Signing up with social is super quick. No extra passwords to remember – no brain fail. Don’t worry, we’d never share any of your data or post anything on your behalf.
With house price growth slowing, now is a potentially good time to buy property for anyone who can afford to do so.
Those aspiring to get a first foot on the housing ladder had their dreams boosted by the stamp duty relief announced by the Chancellor Philip Hammond in his last Budget, but that does not mean first-time buyers still do not have a mountain to climb before they can afford to buy their own property.
In November, Hammond announced that people purchasing their first property would see stamp duty scrapped on homes valued up to £300,000, and that for properties costing up to £500,000 it would not be payable on the first £300,000, with the standard 5% due on the remaining amount.
The policy change applies in England, Wales and Northern Ireland, but not in Scotland, which has an independent system of land tax on properties valued at £145,000-plus.
But while tax and regulatory changes may not in itself be sufficient to aid many would-be first time buyers realise their dream of buying property, a dip in house prices may certainly also help.
Various property price indexes released in recent weeks show that property price growth is slowing, with values actually falling in some parts of the country, including areas across London and the South East, the North East of England, as well as parts of Scotland and Wales.
“Those looking to get onto the property ladder should see the current slowdown in price growth as an opportunity to buy,” said Ishaan Malhi, CEO and founder of online mortgage broker Trussle. “With interest rates still extremely low and the recent changes to stamp duty, first-time buyers are arguably facing better conditions than they have for some time.”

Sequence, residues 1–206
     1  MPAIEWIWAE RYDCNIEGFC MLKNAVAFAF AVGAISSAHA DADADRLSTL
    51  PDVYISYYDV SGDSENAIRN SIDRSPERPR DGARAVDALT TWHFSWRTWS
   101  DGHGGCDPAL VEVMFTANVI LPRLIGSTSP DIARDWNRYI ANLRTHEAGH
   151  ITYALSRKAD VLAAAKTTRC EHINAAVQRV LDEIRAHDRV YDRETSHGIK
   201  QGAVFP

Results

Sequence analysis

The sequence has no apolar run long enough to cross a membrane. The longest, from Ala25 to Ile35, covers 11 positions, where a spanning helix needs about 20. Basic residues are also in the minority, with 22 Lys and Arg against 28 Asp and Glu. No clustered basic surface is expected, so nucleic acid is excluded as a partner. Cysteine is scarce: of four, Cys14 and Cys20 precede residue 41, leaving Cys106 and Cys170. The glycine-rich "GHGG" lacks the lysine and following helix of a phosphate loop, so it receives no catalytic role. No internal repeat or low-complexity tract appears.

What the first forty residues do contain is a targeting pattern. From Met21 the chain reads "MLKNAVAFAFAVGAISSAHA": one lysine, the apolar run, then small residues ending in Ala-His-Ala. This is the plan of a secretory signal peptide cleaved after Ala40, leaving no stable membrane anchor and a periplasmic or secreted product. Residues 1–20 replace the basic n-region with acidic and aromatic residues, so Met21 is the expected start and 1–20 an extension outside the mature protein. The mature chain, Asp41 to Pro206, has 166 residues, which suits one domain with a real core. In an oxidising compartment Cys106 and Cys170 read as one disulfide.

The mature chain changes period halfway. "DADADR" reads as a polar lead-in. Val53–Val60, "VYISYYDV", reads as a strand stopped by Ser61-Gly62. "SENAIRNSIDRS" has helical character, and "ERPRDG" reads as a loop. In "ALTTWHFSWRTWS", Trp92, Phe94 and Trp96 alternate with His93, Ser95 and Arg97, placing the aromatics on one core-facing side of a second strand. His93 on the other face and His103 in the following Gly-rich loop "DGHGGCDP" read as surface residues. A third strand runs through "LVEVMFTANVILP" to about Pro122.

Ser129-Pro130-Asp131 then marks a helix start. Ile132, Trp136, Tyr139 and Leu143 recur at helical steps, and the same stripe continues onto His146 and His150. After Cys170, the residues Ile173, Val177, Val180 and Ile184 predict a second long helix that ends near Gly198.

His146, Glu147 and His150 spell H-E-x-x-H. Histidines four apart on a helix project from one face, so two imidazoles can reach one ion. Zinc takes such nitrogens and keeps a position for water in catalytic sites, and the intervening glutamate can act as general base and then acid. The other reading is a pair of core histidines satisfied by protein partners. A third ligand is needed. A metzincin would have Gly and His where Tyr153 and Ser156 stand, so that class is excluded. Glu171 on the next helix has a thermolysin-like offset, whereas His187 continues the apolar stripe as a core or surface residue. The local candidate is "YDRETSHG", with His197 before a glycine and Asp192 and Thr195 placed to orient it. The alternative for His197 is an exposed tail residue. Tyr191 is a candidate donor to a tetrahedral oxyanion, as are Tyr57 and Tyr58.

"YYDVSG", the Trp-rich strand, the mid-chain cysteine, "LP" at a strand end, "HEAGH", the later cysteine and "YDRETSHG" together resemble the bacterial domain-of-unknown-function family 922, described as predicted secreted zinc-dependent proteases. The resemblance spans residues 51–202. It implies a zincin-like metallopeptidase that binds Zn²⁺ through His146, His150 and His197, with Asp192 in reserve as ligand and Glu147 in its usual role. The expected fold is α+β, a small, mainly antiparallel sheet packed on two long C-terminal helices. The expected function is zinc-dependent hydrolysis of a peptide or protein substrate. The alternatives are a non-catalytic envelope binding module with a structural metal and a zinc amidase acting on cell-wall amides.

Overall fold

Regardless of the latest dip in house prices, ongoing affordability issues mean first time buyers are still struggling to get a look-in on the UK’s housing market, especially with wage growth failing to keep pace with inflation, making saving for a deposit that bit harder.
Nevertheless, with many parts of the UK now seeing house price growth begin to level off, what was once an almost impossible task is “getting a little easier”, according to Malhi, especially if this trend should continue over the coming months.
Paul Osborn, chief executive for Foresters Friendly Society, concurred: “There could be a light at the end of the tunnel [for first-time buyers]”
Fresh research carried out by the Foresters Friendly Society show that 58% of millennials saving for a deposit are now more confident about meeting this financial milestone following the recent stamp duty changes.
“Raising awareness of specifically designed savings vehicles like the Lifetime ISA, which offers a 25% annual savings boost, is an important way to help millennials get closer to attaining homeownership,” Osborne said.